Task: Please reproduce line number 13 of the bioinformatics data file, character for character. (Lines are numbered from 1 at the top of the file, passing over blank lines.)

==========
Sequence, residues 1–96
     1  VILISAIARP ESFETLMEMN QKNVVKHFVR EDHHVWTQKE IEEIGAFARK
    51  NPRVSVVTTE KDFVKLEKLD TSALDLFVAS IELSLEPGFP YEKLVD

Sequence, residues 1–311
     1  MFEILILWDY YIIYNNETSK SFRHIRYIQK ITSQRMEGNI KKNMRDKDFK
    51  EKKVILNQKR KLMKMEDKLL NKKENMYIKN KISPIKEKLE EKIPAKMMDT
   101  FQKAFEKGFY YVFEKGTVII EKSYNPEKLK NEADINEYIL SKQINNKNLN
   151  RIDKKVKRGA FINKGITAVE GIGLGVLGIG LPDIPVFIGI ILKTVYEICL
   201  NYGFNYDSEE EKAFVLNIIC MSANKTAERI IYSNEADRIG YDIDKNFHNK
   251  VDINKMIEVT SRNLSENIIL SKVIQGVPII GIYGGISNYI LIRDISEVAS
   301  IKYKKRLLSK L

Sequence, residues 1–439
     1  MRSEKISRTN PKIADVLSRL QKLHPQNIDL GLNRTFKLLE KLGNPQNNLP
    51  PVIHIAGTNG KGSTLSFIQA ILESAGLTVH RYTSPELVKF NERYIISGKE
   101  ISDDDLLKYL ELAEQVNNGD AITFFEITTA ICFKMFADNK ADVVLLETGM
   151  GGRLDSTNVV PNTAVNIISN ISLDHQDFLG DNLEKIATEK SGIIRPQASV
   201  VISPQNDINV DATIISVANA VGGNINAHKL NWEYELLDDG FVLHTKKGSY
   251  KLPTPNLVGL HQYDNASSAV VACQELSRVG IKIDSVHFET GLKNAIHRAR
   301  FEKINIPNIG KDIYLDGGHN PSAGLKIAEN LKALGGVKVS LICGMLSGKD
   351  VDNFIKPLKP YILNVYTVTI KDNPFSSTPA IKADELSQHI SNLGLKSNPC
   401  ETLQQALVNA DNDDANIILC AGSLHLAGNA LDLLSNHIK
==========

     1  MRSEKISRTN PKIADVLSRL QKLHPQNIDL GLNRTFKLLE KLGNPQNNLP